Royal Coin, Francis I. Sample Teston
This gold sample teston (16th-century French silver coin) representing the King Francis I (1494–1547; reigned, 1515–47) of France is one of the most characteristic monetary expressions of the Renaissance. The realistic portrait, classical inspiration, significant relief, and weight of the piece are all features that represent a break from the money of medieval times. The 19th-century numismatist, Henri de La Tour, showed that this 1529 coin was the work of Matteo del Nassaro (circa 1490–1547), an Italian artist from Verona who first entered the service of Francis ...
Royal Coin, Louis XIII. Ten Louis d'Or
The mechanization of the minting of coins from precious metals in France made possible the creation, in 1640, of the louis d'or, named after King Louis XIII (1601–43; reigned, 1610–43), who first introduced the coins. This series of gold pieces was part of a reform that changed the minting method from hammered coinage to a more precisely milled and weighed coinage. These coins included three types: the louis, the double louis, and the quadruple louis. It has been customary since the 17th century (incorrectly) to call the ...
In the Borodino Museum. Borodino
On September 7, 1812, during the invasion of Russia by Emperor Napoleon I of France, Russian and French armies clashed on the Borodino battlefield, situated to the west of Moscow. Although the battlefield became a revered site already in the 1820s and the first major monument was unveiled in 1839, the first museum at Borodino was opened only in 1903 at the initiative of P. Bogdanovich, the Borodino stationmaster. The museum exhibits, such as these photographed in 1911, were originally housed in the railroad station. Visible here in arrangement on ...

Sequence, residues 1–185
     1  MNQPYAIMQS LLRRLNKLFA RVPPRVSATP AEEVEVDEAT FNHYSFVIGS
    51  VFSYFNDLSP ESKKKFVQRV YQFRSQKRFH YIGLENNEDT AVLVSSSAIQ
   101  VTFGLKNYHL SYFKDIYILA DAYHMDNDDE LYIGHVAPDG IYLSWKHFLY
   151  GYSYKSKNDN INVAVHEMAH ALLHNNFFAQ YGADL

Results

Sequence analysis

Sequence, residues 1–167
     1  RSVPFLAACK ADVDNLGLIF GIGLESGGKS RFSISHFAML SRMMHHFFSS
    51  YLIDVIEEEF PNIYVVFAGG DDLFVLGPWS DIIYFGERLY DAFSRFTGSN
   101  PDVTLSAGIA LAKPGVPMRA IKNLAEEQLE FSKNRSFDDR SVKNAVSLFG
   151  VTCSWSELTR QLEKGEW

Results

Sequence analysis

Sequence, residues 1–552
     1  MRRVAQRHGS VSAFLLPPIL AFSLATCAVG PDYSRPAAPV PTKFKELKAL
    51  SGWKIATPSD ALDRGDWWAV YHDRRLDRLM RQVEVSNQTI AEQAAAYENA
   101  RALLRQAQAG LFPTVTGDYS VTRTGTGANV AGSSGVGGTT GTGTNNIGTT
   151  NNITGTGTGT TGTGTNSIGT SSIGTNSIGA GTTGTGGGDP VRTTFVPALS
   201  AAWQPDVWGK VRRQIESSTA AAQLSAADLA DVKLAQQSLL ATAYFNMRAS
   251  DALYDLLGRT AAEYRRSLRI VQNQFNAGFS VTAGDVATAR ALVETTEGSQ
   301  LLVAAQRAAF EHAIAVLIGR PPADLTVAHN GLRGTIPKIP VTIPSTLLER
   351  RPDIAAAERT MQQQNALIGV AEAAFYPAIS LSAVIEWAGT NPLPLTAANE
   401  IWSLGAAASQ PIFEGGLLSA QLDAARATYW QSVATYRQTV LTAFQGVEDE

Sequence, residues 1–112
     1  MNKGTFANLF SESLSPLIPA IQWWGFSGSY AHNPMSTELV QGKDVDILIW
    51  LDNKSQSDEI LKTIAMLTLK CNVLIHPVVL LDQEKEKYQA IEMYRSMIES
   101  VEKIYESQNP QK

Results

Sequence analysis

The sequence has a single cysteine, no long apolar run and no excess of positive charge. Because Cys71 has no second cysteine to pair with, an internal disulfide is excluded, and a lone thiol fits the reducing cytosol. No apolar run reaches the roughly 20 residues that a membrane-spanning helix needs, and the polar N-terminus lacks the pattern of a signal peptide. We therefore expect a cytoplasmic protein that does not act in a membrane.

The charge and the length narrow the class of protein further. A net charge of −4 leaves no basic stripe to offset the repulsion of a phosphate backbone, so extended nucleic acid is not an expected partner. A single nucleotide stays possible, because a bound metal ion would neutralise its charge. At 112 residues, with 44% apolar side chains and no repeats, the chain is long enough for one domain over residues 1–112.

Royal Coin, Philip VI, Chaise d'Or
The chaise d’or was a French gold coin, first issued in the early 14th century, bearing the figure of the king seated on a large throne. This coin, issued under Philip VI (born, 1293; reigned, 1328–50), shows the king in his majesty, seated facing forward on a Gothic throne, crowned, holding the scepter and hand of justice in a lobed trefoil. The reverse side has a four-lobed cross, with leaves and fleur de lis, curved at the heart, in a four-lobed trefoil bordered by four crowns. This type ...
The Gold and Silver Artificers of Philadelphia. In Civic Procession, 22 February 1832
The event shown in this lithograph is the civic procession held in Philadelphia on February 22, 1832, in honor of the centennial anniversary of George Washington's birth. Onlookers cheer the participants in front of the Second Bank on Chestnut Street, between 4th and 5th Streets. City officials and other prominent people of Philadelphia lead the parade, followed by tradesmen, volunteer fire companies, and the military. The top-hatted artisans (the artificers of the title, who struck special commemorative medals for the event) are led by a mounted parade marshal, their ...